Saturday, 1 March 2014


boxer, Iron Mike

When Mike Tyson was in prison public consensus was that he was still the best heavyweight, dare I say, boxer, on the planet. When he was released from prison he already signed for millions of dollars with Don King for his return to the ring. His record, 41-1 showed how good he was, except for that one night fluke in Japan against a now “no one” in Buster Douglas.
Before he lost to Douglas, he was not only the “unbeatable” Baddest man on the planet, he was ranked number one, pound for pound best boxer in the world. So, Tyson was perceived as the real heavyweight champ, and was admittedly, licking his chops, looking at how the titles were being passed around, dreaming of unifying them again. The titles went around from person to person when Mike was in prison. Once Iron Mike owned the title of “champ,” – the one, the only – now there were a bunch of guys with belts claiming the same thing that just weren’t as fun, or as entertaining to watch.
The first thing people think about when the name, Mike Tyson, comes up is his punching power; but I submit that it wasn’t only his natural punching ability that made Mike as good as he was, it was a combination of talents. Mike was freakishly fast for a heavyweight, able to unload up to five punches in less than two seconds. In addition to his hand-speed and punching power, Mike had phenomenal head movement, making him extraordinarily difficult to hit while he bobbed and weaved looking for the opportunity to unload not just one; but a whole volley of power shots on his opponent.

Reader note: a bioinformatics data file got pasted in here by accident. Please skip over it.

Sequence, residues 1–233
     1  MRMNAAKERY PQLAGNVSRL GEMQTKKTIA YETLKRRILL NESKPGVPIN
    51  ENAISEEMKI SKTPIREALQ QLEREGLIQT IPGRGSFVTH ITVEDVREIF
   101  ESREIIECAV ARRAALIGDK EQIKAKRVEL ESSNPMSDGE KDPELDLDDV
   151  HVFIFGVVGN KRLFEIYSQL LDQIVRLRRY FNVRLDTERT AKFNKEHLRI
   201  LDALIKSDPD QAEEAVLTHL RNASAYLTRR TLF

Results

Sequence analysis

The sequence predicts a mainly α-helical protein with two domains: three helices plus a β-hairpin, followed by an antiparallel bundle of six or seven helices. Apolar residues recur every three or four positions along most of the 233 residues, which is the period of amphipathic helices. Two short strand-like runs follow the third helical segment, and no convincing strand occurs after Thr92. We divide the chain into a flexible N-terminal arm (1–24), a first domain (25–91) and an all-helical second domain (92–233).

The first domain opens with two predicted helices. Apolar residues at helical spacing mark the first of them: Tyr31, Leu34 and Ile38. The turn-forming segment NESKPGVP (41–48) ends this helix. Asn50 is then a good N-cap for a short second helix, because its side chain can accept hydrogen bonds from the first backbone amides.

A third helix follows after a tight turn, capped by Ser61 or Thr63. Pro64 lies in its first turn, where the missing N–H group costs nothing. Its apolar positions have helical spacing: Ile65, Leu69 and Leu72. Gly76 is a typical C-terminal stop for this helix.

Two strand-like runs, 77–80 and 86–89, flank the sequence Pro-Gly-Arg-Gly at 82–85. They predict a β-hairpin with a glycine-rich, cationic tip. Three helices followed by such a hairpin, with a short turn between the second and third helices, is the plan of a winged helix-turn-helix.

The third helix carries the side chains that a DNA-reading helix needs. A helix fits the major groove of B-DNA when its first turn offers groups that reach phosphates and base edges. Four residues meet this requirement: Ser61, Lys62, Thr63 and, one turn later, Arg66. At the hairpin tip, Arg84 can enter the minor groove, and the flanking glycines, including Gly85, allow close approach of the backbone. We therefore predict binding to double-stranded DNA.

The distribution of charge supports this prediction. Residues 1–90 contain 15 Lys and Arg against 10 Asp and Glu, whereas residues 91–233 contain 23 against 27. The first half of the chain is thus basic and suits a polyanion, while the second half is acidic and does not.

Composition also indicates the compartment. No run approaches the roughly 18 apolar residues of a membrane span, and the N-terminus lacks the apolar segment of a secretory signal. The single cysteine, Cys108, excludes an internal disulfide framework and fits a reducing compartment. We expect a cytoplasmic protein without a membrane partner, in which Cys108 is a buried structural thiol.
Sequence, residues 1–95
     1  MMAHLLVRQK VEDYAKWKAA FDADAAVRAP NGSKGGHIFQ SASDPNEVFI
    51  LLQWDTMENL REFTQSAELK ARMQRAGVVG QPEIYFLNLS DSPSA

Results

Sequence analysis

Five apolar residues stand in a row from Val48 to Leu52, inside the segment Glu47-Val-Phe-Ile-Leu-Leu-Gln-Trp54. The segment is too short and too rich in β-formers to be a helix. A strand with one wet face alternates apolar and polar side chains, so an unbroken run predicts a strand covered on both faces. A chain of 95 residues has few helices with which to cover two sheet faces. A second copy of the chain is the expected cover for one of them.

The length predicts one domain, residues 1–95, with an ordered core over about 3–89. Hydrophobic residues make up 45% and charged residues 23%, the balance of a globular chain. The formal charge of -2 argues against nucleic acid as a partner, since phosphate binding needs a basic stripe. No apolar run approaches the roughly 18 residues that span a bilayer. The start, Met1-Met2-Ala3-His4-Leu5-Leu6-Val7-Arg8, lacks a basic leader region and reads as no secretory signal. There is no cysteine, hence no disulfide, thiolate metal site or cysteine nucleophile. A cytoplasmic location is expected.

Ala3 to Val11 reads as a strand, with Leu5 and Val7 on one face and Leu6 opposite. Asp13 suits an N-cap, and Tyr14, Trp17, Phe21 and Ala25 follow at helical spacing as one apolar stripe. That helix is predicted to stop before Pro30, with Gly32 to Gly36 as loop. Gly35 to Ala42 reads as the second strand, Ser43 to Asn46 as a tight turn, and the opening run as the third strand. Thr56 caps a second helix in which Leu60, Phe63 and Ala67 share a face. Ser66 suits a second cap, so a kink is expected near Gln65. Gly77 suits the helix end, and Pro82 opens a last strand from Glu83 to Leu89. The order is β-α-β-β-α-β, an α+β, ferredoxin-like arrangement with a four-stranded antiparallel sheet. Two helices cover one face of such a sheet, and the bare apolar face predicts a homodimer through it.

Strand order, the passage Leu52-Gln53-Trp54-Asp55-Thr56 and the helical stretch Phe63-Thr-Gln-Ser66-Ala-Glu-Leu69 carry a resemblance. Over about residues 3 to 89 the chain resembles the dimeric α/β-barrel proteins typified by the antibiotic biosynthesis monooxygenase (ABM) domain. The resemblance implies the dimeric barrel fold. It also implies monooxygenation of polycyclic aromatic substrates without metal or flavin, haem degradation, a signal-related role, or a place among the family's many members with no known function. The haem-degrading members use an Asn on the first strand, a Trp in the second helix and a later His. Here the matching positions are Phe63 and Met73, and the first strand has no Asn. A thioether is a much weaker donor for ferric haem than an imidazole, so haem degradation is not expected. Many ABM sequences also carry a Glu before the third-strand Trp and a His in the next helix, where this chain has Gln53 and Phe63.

Now, here’s the trick; obviously there were things about Mike we hadn’t learned at the time of the Spinks fight that we know now. For example, with Muhammad Ali, his peak was arguably against Cleveland Williams, since we’ll never know how good he could have been during the three years he was banned from fighting. At the time of the Williams fight, nobody knew how good Ali could take a punch because no one had really been able to hit him solid, with the obvious exceptions of Henry Cooper and Sonny Banks. It was only after we saw Ali fight in the second half of his career, that we knew he had a granite jaw. Since granite does not grow overnight and a fighter’s chin does not get better with time, we have to presume Ali could take a punch just as well at 25 as he could at 35, if not better. Cliché, though it is, hindsight is 20/20, so we might as well use it.

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